Re: [PATCH v3] fast-import: checkpoint: only write out refs and tags if we changed them
- Date: Wed, 15 May 2019 22:54:19 -0700
- From: Eric Rannaud <e@xxxxxxxxxxxxxxxx>
- Subject: Re: [PATCH v3] fast-import: checkpoint: only write out refs and tags if we changed them
On Wed, May 15, 2019 at 5:36 PM Elijah Newren <newren@xxxxxxxxx> wrote:
> with during the fast-import process. However, the whole reason for
> your patch is because checkpoints are in use *and* people are updating
> the repo during the fast-import process, so this area that was likely
> overlooked in the past now is pretty important to get right.
A little bit of background on our particular use case: fast-import is
used to perform frequent history (re)writing and is a great (and fast)
way to modify many refs without having to touch a checkout. For us, an
alternative would be to use libgit but this is simpler, multiprocess
and non-blocking, and doesn't have any additional dependencies.
We use --force: our fast-import frontend independently watches the
repo for updates so we are generally aware of external updates to the
repo. (And if we race with an external change, we can live with that
-- although being able to finely control which ref updates we want to
force and which ones we expect to be FF would be great, but that's for
We would like to use checkpoints to keep fast-import running, which
has the advantage of keeping some Git state in memory. Restarting git
fast-import every time we want to make a change is doable, but more
With the current behavior, we have to shut down fast-import after
every checkpoint (in other words, we can't really use them) and
restart when needed, ensuring we don't overwrite refs we didn't intend
to change this time. Alternatively, we could maintain an up-to-date
(wrt .git/ on disk) mapping ref -> sha1 for all refs we've ever
changed, and make sure to precede any checkpoint with a bunch of
intended-to-be-no-op reset commands, which effectively let fast-import
know about external changes to refs that we do not wish to overwrite.
But this patch seemed like a better path forward.
> Looking at the fast-import code, it appears that update_branch and
> update_tag both set a global 'failure' flag whenever a branch cannot
> be updated due to it not being a fast-forward. It prints a "warning"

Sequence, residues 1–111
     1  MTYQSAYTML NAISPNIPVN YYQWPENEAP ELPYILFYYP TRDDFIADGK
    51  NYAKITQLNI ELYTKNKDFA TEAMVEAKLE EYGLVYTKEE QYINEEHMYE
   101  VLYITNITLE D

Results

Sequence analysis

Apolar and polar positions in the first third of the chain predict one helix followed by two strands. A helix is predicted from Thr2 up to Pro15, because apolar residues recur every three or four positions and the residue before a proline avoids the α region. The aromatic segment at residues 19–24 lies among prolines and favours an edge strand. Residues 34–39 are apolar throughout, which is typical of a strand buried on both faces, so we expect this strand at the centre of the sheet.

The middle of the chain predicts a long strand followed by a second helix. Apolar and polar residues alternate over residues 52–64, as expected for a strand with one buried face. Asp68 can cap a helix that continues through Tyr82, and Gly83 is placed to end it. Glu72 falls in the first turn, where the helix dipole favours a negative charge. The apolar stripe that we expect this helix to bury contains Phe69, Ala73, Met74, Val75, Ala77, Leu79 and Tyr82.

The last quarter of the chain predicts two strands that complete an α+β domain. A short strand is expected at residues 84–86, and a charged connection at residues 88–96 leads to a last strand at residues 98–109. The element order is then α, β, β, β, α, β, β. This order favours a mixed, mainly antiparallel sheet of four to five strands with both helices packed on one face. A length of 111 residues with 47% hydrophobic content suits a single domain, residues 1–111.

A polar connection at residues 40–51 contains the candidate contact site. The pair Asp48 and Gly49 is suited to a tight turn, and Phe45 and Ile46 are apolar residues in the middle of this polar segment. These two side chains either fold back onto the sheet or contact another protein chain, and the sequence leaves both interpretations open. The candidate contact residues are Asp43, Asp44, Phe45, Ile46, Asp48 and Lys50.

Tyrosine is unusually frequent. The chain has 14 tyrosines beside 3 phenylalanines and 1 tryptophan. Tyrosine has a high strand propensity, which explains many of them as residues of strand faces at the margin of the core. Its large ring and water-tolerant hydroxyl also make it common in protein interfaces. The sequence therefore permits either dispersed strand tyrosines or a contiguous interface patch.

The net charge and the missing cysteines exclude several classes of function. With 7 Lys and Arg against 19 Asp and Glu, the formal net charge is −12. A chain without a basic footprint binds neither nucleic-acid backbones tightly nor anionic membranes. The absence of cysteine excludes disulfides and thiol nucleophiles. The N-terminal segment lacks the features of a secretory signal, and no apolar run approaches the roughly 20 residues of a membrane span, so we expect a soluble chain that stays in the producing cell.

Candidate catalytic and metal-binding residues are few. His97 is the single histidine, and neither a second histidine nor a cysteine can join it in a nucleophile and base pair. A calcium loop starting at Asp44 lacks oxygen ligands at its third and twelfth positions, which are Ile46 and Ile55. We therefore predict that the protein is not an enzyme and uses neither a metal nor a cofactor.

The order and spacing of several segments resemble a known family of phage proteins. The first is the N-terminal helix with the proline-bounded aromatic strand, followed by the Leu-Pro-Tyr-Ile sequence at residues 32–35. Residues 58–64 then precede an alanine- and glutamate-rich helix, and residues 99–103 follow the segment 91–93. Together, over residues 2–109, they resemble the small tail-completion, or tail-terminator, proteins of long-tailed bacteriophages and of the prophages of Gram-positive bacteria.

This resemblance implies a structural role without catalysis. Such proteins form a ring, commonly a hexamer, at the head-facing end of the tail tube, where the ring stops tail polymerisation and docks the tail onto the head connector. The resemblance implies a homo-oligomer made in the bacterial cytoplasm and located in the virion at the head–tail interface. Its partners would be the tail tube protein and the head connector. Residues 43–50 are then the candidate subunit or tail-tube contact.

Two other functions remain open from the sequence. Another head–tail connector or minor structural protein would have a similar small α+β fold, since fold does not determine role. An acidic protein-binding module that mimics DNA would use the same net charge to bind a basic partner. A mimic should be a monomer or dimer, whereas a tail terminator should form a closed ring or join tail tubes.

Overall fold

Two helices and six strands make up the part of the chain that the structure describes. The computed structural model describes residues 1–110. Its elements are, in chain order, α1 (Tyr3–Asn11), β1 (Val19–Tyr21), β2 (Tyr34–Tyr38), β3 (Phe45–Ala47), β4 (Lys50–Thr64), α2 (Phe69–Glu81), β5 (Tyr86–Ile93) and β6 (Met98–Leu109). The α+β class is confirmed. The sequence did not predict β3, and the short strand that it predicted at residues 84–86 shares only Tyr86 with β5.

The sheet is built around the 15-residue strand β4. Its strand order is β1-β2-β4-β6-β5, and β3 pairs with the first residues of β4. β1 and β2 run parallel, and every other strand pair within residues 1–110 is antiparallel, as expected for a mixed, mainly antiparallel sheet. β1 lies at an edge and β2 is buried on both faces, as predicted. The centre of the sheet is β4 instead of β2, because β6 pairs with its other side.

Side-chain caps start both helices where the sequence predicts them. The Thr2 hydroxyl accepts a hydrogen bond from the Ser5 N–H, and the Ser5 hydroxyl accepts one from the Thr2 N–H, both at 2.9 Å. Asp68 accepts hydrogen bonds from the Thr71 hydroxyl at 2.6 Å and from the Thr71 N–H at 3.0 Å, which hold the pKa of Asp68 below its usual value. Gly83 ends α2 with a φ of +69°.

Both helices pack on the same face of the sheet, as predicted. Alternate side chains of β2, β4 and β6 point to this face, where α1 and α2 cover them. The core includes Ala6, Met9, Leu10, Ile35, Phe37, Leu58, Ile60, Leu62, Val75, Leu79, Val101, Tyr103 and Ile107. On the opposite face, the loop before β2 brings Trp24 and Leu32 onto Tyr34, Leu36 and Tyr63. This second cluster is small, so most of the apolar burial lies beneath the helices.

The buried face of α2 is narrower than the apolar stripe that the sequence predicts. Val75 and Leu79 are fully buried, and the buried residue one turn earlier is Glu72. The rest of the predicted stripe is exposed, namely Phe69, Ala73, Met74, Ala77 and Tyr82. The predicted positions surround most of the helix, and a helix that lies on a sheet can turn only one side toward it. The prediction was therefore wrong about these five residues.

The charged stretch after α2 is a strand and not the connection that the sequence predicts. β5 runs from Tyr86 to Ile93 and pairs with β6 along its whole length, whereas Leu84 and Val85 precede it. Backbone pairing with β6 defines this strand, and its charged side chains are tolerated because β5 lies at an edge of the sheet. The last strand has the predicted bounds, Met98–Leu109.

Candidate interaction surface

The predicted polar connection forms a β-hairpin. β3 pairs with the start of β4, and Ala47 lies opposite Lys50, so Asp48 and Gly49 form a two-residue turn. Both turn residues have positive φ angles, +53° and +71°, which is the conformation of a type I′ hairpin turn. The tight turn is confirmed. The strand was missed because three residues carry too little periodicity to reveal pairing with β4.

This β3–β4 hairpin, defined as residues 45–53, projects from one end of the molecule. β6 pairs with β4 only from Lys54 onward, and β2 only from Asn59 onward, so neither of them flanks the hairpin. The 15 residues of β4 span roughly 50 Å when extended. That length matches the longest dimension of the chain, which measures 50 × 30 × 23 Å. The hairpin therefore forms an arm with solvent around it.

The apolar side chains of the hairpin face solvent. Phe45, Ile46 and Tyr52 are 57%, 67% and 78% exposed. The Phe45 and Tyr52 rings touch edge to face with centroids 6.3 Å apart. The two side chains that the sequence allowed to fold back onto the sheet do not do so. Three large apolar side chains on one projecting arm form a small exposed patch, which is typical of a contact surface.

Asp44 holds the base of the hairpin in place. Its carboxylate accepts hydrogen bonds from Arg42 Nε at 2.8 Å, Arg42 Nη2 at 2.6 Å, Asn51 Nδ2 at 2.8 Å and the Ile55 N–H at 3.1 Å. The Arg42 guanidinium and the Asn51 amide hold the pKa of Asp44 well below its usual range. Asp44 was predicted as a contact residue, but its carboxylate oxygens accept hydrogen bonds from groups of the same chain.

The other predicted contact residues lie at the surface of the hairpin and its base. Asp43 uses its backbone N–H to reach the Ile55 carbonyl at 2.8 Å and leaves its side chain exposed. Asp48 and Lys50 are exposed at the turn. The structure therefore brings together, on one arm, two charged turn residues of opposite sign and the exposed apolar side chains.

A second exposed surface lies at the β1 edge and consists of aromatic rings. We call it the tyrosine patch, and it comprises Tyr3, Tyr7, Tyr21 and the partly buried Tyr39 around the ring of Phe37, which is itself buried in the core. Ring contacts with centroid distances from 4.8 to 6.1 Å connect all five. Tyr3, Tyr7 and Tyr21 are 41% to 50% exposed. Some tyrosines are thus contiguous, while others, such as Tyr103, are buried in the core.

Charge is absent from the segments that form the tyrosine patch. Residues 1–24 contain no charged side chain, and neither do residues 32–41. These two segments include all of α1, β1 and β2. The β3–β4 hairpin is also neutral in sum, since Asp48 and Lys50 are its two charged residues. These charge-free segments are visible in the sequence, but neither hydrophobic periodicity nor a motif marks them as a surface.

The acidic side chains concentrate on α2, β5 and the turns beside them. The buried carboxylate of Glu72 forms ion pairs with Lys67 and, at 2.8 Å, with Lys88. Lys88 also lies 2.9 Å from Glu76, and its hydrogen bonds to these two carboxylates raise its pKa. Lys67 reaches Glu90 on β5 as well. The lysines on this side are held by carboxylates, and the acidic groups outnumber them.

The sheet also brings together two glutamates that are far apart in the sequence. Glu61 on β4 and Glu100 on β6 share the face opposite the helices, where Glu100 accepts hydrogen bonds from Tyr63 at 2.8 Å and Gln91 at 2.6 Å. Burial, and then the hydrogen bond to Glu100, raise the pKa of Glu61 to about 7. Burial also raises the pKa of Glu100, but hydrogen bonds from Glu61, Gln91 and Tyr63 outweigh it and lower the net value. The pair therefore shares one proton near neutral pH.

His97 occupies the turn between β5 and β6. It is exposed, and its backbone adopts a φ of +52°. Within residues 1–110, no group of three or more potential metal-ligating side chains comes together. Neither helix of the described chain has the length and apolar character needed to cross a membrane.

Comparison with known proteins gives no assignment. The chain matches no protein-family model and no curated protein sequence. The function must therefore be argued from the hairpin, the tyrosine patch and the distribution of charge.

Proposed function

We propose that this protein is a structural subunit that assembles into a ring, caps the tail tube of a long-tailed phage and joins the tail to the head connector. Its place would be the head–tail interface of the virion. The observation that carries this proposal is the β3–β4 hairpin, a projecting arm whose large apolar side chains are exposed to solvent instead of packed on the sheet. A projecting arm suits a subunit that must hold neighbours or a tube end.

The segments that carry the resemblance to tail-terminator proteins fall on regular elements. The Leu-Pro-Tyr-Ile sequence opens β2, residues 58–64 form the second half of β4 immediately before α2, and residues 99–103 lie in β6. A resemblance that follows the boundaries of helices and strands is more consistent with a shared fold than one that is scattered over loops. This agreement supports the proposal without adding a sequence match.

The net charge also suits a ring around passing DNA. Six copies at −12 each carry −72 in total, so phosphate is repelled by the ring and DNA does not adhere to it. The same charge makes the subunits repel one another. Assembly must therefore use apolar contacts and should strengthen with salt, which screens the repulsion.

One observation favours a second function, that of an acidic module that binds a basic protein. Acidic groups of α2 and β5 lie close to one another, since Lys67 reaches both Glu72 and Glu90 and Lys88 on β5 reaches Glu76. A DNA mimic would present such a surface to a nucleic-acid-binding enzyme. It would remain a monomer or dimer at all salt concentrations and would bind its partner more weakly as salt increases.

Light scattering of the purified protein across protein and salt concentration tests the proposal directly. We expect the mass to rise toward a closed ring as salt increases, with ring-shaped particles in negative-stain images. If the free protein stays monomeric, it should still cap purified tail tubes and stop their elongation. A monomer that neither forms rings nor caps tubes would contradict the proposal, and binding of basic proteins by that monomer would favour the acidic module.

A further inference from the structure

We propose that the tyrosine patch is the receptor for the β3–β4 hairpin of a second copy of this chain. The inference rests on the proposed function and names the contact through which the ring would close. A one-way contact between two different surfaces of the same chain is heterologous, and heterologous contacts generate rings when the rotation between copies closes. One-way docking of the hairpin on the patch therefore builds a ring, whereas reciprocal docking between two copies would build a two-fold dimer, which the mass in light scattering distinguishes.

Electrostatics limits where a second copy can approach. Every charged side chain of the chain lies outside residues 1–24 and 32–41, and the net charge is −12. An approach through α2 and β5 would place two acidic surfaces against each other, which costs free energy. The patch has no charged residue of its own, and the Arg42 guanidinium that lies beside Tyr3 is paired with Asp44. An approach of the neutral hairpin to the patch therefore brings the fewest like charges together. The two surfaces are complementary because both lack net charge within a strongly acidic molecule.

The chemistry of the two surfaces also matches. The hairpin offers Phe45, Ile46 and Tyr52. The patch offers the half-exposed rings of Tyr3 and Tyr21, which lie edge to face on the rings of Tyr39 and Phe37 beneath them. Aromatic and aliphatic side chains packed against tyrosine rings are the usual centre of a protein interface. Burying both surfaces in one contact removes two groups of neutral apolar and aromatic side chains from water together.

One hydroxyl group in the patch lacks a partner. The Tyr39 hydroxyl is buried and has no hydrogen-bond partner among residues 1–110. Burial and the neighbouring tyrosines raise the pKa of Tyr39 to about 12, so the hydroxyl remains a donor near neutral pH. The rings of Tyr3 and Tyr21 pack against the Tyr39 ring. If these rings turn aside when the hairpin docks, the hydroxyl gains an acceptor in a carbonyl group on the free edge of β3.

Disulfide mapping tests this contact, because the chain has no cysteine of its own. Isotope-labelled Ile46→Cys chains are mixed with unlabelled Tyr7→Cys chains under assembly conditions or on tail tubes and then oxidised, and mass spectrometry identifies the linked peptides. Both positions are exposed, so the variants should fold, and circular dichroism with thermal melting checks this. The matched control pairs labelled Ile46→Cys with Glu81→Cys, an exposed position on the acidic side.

> but this is likely because it wants to update whatever branches and
> tags it can and report issues on any it can't, and then after that's
> done then exit. Since branches and tags are typically just updated at
> the very end of the process (again, based on the documentation
> suggesting checkpoints aren't necessary), the end of program exit can
> also be thought of as the "exit immediately after failing branch/tag
> updates". My current suspicion is that the current checkpointing code
> not checking the 'failure' flag was an oversight. If the user doesn't
> want branches/tags forcibly updated, and they do want checkpoints when
> the branches/tags get updated as input comes in, and there is the
> possibility that external folks modify thing, then I think it makes
> sense to abort the import once the checkpoint is finished (i.e. update
> whatever branches/tags we can and then error out); continuing to
> process the input stream seems wrong, because:
> * the reason to use checkpoints is because the fast-import process
> is taking a long time; if it was quick, there'd be no reason to
> manually checkpoint. Therefore...
> * the user may be forced to backup and redo the long-lived
> fast-import process anyway; we've cost them time by not erroring out
> * we allow errors to accumulate (other branches could have failures
> to update later in the fast-import process), causing users to have to
> figure out whether one or many failures were reported and then have to
> try to track down if they have one or multiple causes
> * the users are less likely to notice early "warning" without
> erroring out, but the cause (someone else updating a ref) may be
> harder to diagnose the longer it has been since the external ref
We use --force so I don't have an immediate interest in how checkpoint
errors are handled.
In a separate response to Junio, I suggested an alternative mechanism
to signal checkpoint conflicts on --cat-blob-fd, but I think it would
generally be fine if fast-import were to simply exit on such an error.
To reliably figure out which updates made it to disk and which didn't,
one can obtain expected OIDs with get-mark before initiating a
checkpoint, and compare with refs on disk after an error.
I'm not sure if such a change should be behind a flag or not. I think
anyone running without --force does care if a ref update is rejected;
and we're unlikely to break much by erroring out early. But maybe some
users out there don't check the exit status of fast-import and haven't
noticed that some branch they don't really care about is not being
updated successfully while everything else gets updated fine?
Thanks for the thoughtful analysis.